The precipitation hardening step involves heating within the range between about 900 F. and the ACl point. At temperatures below about 900 F., copper will not precipitate within a reasonable time period, and any small amount of martensite which forms will not be adequately tempered. On the other hand, if heated to above the ACl temperature, i.e. about 1300 F., some austenite will again form which can transform to embrittling martensite upon subsequent air cooling. It is also necessary to avoid precipitation of copper during a preceding quenching step since such premature precipitation would result in no contribution to strength. This is the reason for requiring a quench rate sufficiently rapid to retain the copper in solid solution. Preferably the precipitation hardening temperature range is between about 1000 and 1200 F. (538 and 649 C.).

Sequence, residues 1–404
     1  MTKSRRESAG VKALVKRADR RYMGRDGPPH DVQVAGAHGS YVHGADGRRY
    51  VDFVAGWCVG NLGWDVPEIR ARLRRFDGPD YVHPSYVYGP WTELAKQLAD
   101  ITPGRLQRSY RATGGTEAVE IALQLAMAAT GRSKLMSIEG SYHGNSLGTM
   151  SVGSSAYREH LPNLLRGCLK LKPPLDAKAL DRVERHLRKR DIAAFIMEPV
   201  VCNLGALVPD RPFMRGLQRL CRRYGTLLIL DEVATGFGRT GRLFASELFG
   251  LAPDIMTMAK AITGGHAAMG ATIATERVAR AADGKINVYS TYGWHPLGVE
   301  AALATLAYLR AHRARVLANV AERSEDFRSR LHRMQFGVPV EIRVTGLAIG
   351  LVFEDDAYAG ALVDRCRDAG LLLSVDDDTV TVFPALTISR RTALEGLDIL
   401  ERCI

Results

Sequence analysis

When producing low alloy steel plate in the as hot rolled condition in accordance with the controlled hot rolling process of the present invention a yield strength of at least 80 ksi at room temperature is obtained without the necessity for precipitation hardening or other strengthening step as is presently required for ASTM A710 Grade A Class 1 alloy steels. This provides reduction in processing costs, and improved surface since less scale is produced. Better flatness is also obtained, particularly in wide, relatively thin plate within the range of 3/16 to 3/8 thickness. At the same time good toughness in both the longitudinal and transverse directions is achieved.